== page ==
His thoughts that year drifted back to his family.
“All you are thinking about is your family and what they are doing,” he said.
Today though, he will gather with his family, in the warmth of his grandparents’ home—surrounded by his family and his two children.
Jared, who is on leave from the Army, expects he will be the one to open the Bible this year and read the story of Christmas.
“For unto you is born this day in the city of David a Saviour, which is Christ the Lord.”
The family will likely talk about those words and what Christmas means to each of them.
“For me, Christmas is a time when you can just be around your loved ones and give them something that comes from the heart,” he said.
As he sipped a cup of coffee Monday morning, he was grateful.
“There are some people that died over there,” he said. “You think of some of the other soldiers that have passed on.
“Your heart goes out to their families.
“They lost their son, brother or nephew.
“It gets a little emotional.
“I just thank God I am able to be here this Christmas.”
Only a day after returning home, Jared arrived at Skidmore-Tynan Middle School to surprise his cousins.
“They came up, and they were crying,” he said recalling the morning of Dec. 16.
After that moment, everyone in town would know he was home on leave.
“You just show up one place, and the next day everyone knows you are down,” he said.
This is the first time in over a year that Jared has been home. Last year, his deployment date forced him to miss most of the holidays with his family.
The Army did its best to make the holidays special. But something was missing.
They had ham or turkey and all the traditional sides.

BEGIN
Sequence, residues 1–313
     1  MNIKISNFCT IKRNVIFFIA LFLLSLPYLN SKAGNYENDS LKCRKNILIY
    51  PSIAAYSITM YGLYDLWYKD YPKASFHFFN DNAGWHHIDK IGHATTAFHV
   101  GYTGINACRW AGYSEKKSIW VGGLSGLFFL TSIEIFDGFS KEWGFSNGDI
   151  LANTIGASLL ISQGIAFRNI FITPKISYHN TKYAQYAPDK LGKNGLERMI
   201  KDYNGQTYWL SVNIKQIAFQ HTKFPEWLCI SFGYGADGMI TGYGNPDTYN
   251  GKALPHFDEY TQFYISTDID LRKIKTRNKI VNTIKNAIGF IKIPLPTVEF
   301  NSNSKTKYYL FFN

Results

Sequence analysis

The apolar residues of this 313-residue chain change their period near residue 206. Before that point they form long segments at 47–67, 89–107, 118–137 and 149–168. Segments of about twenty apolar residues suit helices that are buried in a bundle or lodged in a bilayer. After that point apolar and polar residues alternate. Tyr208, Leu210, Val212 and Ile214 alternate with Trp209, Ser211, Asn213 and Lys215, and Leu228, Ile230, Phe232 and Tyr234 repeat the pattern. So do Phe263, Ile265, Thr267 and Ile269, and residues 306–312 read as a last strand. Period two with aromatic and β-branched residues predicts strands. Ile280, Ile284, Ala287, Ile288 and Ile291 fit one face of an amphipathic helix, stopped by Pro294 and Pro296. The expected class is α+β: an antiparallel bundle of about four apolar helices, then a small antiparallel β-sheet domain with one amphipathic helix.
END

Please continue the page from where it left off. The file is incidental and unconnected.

“We had a little campfire in the middle of the base,” Jared said. “On cold nights we would sit around the campfire.”
But, despite the effort, Afghanistan wasn’t home.
“You can only do so much when you aren’t at home,” he said.
Being a soldier means that Jared has had to cope with missing out on many of life’s important events.
“I was at basic training when my son was born,” he said. Likewise, when his wife, Heather, gave birth to their daughter Chloe, he was deployed overseas.
“Being in the military, that is the stuff you have to expect,” he said. “You just have to learn to cope with things like that.
“At first it is hard, but you get used to it.
“Your body and emotions become immune to the military life.”
He talks with confidence almost as though he was unaware that someone closely listening couldn’t hear the change in his voice.
“We had our orders,” he said. “We had to get our job done.”
His voice slows as he talks about his time away from his family.
“It is crazy how time flies when you are gone,” he admits. “You leave, and they are just barely sitting up.
“You come back, and they are running around the house.
“It is a blessing to see how they are growing.
“Being with them is a feeling you cannot explain.
“The chance to see them again got me through Afghanistan.”
He always leaves behind a small treasure—a Manchu belt buckle he earned having completed a particularly difficult march.
He gives this to his son Clayton, now 2 1/2 years old.
“That is the thing I am going to come back and get,” he said.
His family has a history of serving in the armed forces, but he credits the local Texas Ranger, James Bennett, his uncle, for helping shape him.
“He taught me a majority of the stuff I know,” he said.
“I always wanted to be like him. He always holds his head high.”
Fate, though, set him not on the law enforcement path but of that of a soldier.
When his wife was pregnant with their son, he wasn’t old enough to join law enforcement but was able to enlist in the Army.
“Once my wife got pregnant, I wanted to do something to help out,” he said.
For now, Jared will stay in the military, but that could change down the road.
“I love my job,” he said. “But I will see what these next five years are like.”
He holds hope that he will continue to make Christmas dinner. But, much of that is beyond his control.
With that uncertainty lingering, he has a simple thought.
“This is the one that matters most,” he said
Jason Collins is the editor at the Bee-Picayune and can be reached at 358-2550, ext. 121, or at editor@mySouTex.com.